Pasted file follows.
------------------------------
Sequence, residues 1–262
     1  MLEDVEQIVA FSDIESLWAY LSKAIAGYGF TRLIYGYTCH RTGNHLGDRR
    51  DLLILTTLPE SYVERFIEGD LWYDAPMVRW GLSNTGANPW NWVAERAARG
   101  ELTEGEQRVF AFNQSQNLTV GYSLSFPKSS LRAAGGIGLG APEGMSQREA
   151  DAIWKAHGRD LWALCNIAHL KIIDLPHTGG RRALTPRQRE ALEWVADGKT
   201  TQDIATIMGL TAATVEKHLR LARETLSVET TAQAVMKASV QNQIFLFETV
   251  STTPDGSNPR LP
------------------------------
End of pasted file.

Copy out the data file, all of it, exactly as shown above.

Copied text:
Sequence, residues 1–262
     1  MLEDVEQIVA FSDIESLWAY LSKAIAGYGF TRLIYGYTCH RTGNHLGDRR
    51  DLLILTTLPE SYVERFIEGD LWYDAPMVRW GLSNTGANPW NWVAERAARG
   101  ELTEGEQRVF AFNQSQNLTV GYSLSFPKSS LRAAGGIGLG APEGMSQREA
   151  DAIWKAHGRD LWALCNIAHL KIIDLPHTGG RRALTPRQRE ALEWVADGKT
   201  TQDIATIMGL TAATVEKHLR LARETLSVET TAQAVMKASV QNQIFLFETV
   251  STTPDGSNPR LP